Making sense of our environment requires us to extract temporal and spatial information from multiple sensory modalities, particularly audition and vision. Often, we must hold this sensory information in working memory (WM) to guide future actions, while simultaneously processing new sensory inputs as they arise. However, these processes of WM maintenance and perceptual processing can interfere with one another when the tasks rely on similar cognitive resources. fMRI studies have uncovered attention and WM networks that are specialized for either auditory-temporal or visual-spatial processing; the functional specialization of these networks makes specific predictions about patterns of interference between perceptual processing and WM. Specifically, we hypothesized that dual-task interference should increase when the tasks share a common sensory modality, a common information domain (temporal vs. spatial processing), or both. To test these predictions, we asked participants to store temporal or spatial information about auditory or visual stimuli in WM. On some trials, participants also performed an intervening auditory task, which was either temporal or spatial, during WM retention. Errors on WM recall and perceptual judgment tasks both generally increased when the tasks relied on shared modality- and domain-biased resources, with maximal interference when both tasks were auditory-temporal. Pupil dilations were also larger and started earlier when both tasks were auditory-temporal, indicating an increase in cognitive effort to overcome the interference. Event-related potentials (ERPs) and alpha-band oscillatory activity revealed neural signatures of domain-based interference even when the tasks were presented in different sensory modalities, when behavioral differences were masked by ceiling effects. These results demonstrate that sensory modality and information domain jointly affect how task information is represented in WM, consistent with past work demonstrating how tasks engage complementary auditory-temporal and visual-spatial cognitive control networks.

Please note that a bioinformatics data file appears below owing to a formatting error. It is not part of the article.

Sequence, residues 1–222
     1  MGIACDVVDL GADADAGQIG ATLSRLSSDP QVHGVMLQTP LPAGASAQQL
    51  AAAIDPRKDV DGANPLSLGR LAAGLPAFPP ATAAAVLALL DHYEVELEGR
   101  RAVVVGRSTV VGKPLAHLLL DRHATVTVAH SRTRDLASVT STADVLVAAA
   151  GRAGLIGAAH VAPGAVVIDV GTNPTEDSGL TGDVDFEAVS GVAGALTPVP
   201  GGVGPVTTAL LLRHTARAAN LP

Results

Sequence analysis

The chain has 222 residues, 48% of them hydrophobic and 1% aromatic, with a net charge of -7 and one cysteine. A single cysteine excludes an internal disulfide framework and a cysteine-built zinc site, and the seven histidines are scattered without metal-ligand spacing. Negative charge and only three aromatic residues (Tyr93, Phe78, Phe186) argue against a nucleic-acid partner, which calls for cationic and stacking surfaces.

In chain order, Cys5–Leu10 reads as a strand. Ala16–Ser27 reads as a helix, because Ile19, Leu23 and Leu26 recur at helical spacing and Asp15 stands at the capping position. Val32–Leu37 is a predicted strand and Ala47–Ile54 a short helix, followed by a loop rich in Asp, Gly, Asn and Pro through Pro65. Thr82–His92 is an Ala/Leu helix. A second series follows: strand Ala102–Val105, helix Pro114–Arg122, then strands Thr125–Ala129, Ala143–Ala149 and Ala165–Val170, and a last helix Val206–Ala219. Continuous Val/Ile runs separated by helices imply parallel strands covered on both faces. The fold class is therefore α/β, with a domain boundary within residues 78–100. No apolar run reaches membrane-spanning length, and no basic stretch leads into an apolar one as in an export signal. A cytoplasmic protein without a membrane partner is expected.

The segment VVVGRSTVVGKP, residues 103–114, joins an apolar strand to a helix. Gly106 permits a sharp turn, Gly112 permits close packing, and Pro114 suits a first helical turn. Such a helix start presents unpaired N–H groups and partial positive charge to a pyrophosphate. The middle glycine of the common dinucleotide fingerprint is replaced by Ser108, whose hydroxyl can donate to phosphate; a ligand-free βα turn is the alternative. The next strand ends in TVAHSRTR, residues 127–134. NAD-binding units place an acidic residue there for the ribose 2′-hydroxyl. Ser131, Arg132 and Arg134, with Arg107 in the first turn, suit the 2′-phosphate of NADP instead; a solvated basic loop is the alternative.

Fleming, J.T., Njoroge, J.M., Noyce, A.L., Perrachione, T.K., & Shinn-Cunningham, B.G. (2024). Patterns of information segregation during working memory and attention revealed by dual-task interference in behavior, pupillometry, and EEG. Imaging Neuroscience, 2, 1-22.

Access the paper